The following excerpts are taken from the AMA Daily email I receive. It is obvious that texting/emailing while driving is a serious public health hazard. Perhaps car manufacturers could get together with the Feds and mandate that all cars be outfitted with devices that deactivate cell phone signals when the cars start to move. Of course, that means you wouldn't be able to make a call from the passenger side but somebody must be able to come up with a reasonable solution that keeps the driver (and the rest of us) safe.


Begin excerpts:

NBC Nightly News (3/14, story 14, 0:15, Williams, 7.86M) reported, "More numbers from the CDC: Most Americans now admit to talking on their cell phones while driving. A third of us admit to texting or e-mailing while at the wheel. Mostly young drivers they say, but the rates of usage here are much higher than in Europe."

        The Los Angeles Times (3/15, Mohan, 692K) reports in its "Booster Shots" blog that "nearly a third of US drivers aged 18 to 64 admitted they had read or sent a text message while driving during a 30-day period, compared with 15% in Spain, according to" a report published March 14 in the CDC's Morbidity and Mortality Weekly Report. Additionally, two-thirds of Americans said they have talked on a cellphone while driving, "compared with a low of 21% in Britain."

        Bloomberg News (3/15, Edney) reports that according to the National Safety Council, about 3.5 million people "suffer serious injuries in traffic crashes" in America each year, "and an estimated 24 percent of those accidents involve mobile telephone use." CDC Director Tom Frieden said in a statement, "The cell phone can be a fatal distraction for those who use it while they drive. Driving and dialing or texting don't mix."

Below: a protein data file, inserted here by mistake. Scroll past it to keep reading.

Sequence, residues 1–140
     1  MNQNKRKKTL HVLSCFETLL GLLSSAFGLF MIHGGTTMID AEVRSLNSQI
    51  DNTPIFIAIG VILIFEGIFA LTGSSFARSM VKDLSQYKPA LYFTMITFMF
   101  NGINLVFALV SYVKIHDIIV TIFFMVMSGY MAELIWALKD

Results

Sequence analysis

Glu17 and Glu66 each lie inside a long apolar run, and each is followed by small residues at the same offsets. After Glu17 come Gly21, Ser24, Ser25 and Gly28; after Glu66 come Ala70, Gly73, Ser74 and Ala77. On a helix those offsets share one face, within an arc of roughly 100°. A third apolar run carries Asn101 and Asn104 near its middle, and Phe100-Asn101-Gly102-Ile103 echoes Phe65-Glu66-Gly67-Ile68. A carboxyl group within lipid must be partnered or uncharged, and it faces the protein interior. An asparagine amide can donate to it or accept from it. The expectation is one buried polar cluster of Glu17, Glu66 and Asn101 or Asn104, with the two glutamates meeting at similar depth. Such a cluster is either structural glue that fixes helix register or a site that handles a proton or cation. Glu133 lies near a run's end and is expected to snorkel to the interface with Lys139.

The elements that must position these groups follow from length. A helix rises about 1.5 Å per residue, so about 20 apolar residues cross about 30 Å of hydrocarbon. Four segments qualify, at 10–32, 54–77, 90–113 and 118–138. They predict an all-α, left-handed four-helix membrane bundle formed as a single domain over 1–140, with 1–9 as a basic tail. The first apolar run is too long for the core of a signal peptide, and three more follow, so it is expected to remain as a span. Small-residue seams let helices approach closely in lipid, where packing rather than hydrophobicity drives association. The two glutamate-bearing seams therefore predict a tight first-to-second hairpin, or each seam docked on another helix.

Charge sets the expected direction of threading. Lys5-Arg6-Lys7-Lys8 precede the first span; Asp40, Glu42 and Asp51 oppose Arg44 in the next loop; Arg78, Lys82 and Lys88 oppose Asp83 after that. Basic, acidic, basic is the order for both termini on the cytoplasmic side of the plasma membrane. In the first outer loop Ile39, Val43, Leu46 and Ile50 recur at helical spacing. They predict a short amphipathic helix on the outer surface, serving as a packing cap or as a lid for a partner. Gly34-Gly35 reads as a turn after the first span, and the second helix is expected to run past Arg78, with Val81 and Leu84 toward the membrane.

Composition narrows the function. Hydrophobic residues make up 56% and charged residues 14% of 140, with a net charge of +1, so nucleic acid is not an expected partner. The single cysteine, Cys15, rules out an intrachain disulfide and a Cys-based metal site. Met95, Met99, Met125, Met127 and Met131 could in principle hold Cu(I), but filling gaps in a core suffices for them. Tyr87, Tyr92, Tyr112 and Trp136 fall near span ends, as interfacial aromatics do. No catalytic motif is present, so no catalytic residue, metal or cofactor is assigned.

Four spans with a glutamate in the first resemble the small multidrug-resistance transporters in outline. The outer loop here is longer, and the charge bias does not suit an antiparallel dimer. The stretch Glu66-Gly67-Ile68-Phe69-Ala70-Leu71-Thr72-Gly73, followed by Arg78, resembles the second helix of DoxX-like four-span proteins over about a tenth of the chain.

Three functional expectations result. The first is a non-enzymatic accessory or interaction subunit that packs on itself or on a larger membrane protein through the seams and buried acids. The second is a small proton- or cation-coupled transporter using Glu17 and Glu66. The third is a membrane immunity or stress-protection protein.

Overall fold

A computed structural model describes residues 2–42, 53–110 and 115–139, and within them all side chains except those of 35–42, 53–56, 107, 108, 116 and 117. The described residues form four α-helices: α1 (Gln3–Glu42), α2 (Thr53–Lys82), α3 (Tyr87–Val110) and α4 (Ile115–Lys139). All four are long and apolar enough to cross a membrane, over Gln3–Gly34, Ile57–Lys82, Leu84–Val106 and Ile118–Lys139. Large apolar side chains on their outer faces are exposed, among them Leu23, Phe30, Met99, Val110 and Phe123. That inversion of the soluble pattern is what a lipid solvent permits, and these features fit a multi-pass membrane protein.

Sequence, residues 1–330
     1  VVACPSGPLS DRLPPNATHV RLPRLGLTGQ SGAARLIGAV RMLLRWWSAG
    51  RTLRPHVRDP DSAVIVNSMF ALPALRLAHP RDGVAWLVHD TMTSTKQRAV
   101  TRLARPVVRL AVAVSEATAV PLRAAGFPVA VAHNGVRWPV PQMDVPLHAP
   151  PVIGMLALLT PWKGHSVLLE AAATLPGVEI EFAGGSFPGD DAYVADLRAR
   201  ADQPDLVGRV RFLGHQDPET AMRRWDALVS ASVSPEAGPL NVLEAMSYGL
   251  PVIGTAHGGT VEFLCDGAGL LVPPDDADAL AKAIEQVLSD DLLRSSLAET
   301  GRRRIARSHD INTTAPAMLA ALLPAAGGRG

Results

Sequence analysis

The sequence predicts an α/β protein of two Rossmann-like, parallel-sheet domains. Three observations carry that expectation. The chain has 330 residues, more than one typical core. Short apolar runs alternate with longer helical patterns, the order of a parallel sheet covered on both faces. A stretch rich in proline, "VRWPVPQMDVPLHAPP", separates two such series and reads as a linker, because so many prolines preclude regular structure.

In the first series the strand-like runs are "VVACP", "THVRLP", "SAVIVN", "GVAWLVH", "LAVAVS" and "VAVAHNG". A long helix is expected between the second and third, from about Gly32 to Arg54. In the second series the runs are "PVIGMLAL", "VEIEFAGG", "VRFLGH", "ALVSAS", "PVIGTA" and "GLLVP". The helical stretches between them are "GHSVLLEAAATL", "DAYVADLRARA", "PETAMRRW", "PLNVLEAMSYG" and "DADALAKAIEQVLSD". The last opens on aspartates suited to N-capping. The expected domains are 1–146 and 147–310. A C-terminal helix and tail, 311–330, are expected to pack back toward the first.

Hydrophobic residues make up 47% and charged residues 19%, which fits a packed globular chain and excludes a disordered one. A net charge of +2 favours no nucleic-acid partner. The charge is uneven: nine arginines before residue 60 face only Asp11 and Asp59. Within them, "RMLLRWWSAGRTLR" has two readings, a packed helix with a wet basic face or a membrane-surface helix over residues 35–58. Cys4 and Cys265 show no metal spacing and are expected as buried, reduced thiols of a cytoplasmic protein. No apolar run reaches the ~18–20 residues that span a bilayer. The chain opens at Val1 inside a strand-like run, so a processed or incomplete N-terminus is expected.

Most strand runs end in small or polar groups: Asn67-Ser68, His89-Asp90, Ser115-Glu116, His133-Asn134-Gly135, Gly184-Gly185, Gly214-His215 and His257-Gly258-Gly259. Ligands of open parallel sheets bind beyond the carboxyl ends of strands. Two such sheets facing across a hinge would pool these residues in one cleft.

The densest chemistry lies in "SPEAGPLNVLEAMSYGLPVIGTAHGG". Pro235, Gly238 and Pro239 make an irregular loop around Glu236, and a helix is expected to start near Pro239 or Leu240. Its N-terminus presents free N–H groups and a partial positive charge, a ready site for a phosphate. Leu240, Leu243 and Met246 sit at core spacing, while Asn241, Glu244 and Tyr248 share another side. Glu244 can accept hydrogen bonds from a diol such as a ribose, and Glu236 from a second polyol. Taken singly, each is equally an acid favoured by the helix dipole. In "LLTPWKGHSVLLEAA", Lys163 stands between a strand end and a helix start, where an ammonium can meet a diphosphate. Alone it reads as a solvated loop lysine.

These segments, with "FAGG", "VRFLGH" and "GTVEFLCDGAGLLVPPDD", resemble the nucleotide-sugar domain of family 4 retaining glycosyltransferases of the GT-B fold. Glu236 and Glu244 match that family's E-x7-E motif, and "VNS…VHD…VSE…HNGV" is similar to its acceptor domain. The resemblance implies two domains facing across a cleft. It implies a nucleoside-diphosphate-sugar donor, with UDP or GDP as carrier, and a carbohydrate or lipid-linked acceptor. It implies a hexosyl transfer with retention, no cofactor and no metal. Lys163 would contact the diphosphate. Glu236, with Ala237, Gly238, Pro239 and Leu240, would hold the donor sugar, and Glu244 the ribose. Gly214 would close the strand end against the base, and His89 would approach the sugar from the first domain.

The AP (3/15) notes the researchers did not provide an "explanation for why the use of distracting mobile devices is more common in the US than other countries. Mobile device markets in the US. and Europe are similarly saturated, making it unlikely that the findings are attributable to differing portions of the population owning devices in the countries, the study said." The study's author, CDC epidemiologist Rebecca Naumann, said, "We can't really say why a greater percentage of drivers in the US appear to be engaging in these behaviors. We really don't know."

        According to the NPR (3/15, Stein) "Shots" blog, the CDC said "there were no differences between men and women, but younger adults - ages 18 to 34 - were more likely to use a device while driving than those who were middle-aged or elderly."

        Also covering the story Reuters (3/15, Johnson), the NBC News (3/15, Fox) "Vitals" blog, and HealthDay (3/15, Reinberg).